Bad Google reviews hit you in the gut when they show up in your inbox. It feels like a slap in the face, especially if you’ve made such an effort to run your business in a positive way. Reviews are some of your most important content—it’s a big deal when you run your own business. That’s why we’ve created this resource on how to remove fake negative reviews from Google.

You know you did good work. I know you did good work. The rest of the Internet knows you did good work, too, after reading the rest of your reviews. So why did this person give you an infamous 1-star? We’ll get into that below, but first we’ll see if there are grounds to get rid of it.

The Fine Print About How to Remove Fake Negative Reviews From Google

A lot of bad reviews out there can, in fact, be removed… if you know what to look for.

Let’s cut right to the chase: you can get a Google review removed if you can demonstrate that it violates the user policy. What counts as a review violation? So glad you asked.

  • Fake reviews
  • Impersonation
  • Conflicts of interest
  • Spam
  • Off-topic reviews
  • Restricted content (more on this below)
  • Anything depicting something illegal
  • Sexually explicit or terrorist content (obviously)
  • Profanity, hate speech, or anything offensive
  • Depictions or endorsements of violence or self-harm

Pro tip: you can also get good reviews removed for these reasons too.

Focus on looking for the signs of the first 3 violations, because those are what make it through Google’s filters. The algorithms take care of everything else.

If you find anything that indicates the review is illegitimate, log into your Google My Business account to flag the review.

  1. Click on “Reviews” on the left-hand menu.
  2. Click on the 3-dot menu of the review in question.
  3. Add details as needed and confirm you want to report it.

 

Review flagged inside the Google My Business user area.

 

If Google doesn’t do anything about it, then you can escalate your complaint. Click on the customer support menu in the bottom-left corner of the Google My Business reviews screen. You can include more details about your case there, and the Support team will get back to you in a day or two in most cases.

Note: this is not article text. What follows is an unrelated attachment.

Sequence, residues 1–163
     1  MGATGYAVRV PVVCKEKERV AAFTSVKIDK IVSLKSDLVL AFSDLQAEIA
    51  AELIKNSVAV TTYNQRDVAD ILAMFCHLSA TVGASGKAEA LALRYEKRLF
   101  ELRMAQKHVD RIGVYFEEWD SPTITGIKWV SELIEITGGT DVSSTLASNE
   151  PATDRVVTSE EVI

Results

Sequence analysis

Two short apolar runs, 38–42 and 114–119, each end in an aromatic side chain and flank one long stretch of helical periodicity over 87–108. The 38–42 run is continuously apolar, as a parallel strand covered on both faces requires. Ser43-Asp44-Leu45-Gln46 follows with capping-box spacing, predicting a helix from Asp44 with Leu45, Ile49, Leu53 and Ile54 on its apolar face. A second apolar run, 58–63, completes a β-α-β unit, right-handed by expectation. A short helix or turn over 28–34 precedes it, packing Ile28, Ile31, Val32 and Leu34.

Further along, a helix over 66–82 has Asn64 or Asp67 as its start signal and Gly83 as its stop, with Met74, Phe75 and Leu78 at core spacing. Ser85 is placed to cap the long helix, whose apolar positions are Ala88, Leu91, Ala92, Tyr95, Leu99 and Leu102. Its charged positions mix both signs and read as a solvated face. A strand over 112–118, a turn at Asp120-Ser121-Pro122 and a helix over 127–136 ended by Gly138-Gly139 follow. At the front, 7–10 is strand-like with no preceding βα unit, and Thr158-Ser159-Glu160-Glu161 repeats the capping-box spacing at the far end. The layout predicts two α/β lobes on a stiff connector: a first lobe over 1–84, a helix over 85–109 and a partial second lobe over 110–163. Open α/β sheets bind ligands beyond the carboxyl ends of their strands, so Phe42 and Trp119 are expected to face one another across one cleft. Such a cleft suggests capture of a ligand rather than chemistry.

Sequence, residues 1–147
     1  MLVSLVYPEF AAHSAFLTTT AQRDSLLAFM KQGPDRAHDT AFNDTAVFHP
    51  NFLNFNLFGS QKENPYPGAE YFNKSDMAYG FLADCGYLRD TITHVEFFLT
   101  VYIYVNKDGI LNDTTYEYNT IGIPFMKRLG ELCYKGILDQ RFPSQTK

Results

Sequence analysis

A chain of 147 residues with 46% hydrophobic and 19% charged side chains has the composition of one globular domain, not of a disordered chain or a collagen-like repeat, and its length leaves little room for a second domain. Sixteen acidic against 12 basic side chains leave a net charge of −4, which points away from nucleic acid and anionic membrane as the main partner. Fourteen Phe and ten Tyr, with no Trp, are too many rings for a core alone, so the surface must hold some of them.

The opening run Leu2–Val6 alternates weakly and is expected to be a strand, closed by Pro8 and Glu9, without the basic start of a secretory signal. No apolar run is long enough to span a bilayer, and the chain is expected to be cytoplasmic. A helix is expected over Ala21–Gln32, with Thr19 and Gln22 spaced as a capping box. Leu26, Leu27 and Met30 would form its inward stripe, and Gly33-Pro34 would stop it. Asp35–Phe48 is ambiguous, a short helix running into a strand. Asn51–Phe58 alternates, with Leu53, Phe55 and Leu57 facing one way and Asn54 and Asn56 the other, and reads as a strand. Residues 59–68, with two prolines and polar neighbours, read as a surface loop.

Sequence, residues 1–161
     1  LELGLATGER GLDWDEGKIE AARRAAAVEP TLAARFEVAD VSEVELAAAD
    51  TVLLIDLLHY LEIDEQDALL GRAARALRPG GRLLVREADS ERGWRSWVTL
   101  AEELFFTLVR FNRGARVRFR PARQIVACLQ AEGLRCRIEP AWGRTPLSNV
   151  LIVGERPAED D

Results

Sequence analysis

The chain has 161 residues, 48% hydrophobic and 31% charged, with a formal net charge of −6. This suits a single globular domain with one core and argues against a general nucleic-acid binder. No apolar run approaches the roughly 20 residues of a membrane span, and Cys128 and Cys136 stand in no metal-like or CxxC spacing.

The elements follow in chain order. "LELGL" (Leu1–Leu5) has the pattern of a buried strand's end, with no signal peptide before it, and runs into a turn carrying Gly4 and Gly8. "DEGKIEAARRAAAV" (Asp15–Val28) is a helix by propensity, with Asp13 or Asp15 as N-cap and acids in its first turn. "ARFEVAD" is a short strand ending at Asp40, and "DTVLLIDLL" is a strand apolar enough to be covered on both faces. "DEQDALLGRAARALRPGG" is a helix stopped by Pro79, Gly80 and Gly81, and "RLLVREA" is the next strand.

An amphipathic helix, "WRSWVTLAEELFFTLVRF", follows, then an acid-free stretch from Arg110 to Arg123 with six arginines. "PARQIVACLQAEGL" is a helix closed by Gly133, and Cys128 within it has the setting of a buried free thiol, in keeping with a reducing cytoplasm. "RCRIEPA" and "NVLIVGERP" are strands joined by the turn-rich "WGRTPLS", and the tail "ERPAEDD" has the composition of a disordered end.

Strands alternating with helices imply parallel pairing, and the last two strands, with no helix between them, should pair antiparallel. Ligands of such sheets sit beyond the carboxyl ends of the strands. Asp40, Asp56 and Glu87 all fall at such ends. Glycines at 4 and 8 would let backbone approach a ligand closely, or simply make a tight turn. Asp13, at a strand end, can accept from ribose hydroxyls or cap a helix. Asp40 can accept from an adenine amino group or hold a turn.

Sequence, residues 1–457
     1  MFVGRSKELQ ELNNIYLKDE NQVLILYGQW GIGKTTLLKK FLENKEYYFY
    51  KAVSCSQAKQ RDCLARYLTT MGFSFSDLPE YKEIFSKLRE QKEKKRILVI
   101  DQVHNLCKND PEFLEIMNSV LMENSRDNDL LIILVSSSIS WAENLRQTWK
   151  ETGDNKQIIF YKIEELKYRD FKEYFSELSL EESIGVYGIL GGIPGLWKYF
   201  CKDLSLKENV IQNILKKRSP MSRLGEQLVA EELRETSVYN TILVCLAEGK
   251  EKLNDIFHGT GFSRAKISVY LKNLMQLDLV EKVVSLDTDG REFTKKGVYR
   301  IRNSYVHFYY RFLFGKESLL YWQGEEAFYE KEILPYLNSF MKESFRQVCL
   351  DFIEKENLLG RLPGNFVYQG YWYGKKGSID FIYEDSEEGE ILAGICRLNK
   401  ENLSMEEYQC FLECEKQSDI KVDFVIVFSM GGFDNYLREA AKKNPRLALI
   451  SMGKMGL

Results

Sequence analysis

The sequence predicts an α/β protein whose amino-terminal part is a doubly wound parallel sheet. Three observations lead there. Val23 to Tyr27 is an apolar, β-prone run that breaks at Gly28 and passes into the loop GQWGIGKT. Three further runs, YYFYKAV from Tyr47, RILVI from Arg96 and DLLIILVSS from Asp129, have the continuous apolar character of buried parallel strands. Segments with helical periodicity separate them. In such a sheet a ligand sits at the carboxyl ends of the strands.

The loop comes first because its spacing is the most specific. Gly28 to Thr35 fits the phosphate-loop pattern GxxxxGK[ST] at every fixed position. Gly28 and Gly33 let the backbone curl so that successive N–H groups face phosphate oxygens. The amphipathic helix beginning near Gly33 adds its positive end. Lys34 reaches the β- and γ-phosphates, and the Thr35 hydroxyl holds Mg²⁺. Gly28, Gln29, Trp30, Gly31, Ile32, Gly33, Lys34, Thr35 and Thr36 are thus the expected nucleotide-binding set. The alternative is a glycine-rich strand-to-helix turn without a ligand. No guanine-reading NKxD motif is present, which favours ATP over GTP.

Customer support escalation for spam reviews in Google My Business.

 

How to Spot Fake Google Reviews

Fake Google reviews are easy to spot on average because they’re usually spam, too. Look for the telltale signs:

  • Not much activity on Google Maps
  • Almost never a “local guide” (an active, trusted reviewer, like yours truly)
  • All (or almost all) of the account’s reviews are negative
  • Reviews tend to focus on one industry because they target competitors
  • Occurring in pairs or groups
  • One-sided or containing few or no concrete details

Fake reviews are often spam, and for obvious reasons: real people with real profiles don’t usually follow the same suspicious patterns of activity. That’s why you should check every bad review for signs of spam. If you can build a good case, then you can ask Google to remove it with confidence. It’s pretty straightforward to figure out how to remove fake negative reviews from Google when you’re dealing with spam.

 

Example of a possible spam Google review with only 2 total reviews, an accusation, and a lack of facts.

 

How to Spot Conflicts of Interest

This is the easy one. Conflicts of interest generally involve anyone who has ever worked for your company, past or present. On Google reviews these can include:

  • Disgruntled employees trying to smear the company
  • Employees being asked to give the company a positive review
  • Friends and family giving a good review to “support local business” who have never bought anything
  • Past employees “lending a hand” with a positive review

 

What Counts as Restricted Content?

“Restricted content” on Google reviews sounds kind of nebulous, but it just means “anything that discloses contact information or directs people toward it.” That includes contact forms, so any external web pages, landing pages, or promotions of any kind would be flagged immediately.

It’s basically an extended spam clause that prevents anyone from trying to skirt around the more specific definitions of review violations. You can find a more comprehensive list of the criteria here.

How to Escalate a Bad Review Removal

Good news: even if Google’s service reps deny your request to remove a bad review (which is likely to happen), you can escalate your case with a more in-depth support request. The support line for Google My Business is conveniently hidden from obvious places, but I’ve found it for you right here.

Start the process by entering your contact information and the basic issue(s) surrounding the bad Google review you’d like removed. This includes three basic sections that only take 1-2 minutes to fill out, including:

  1. Typing the nature of the issue into a small text field.
  2. Confirming the issue by clicking on the badge that best represents “removing a review” (pictured below).
  3. Providing your contact details so the support team can follow up with you.

Screenshot of bad Google review removal through the Google My Business Support line.

Then the fun part comes: you get not one, but two large text boxes to tear down the bad review, systematically, like a lawyer seeing red. You get to use up to 1,000 characters per text field, and you get two text fields (for some reason). It’s the most cathartic part about learning how to remove fake negative reviews from Google.  It can take some detail and argumentative skills, but this is what a response looks like.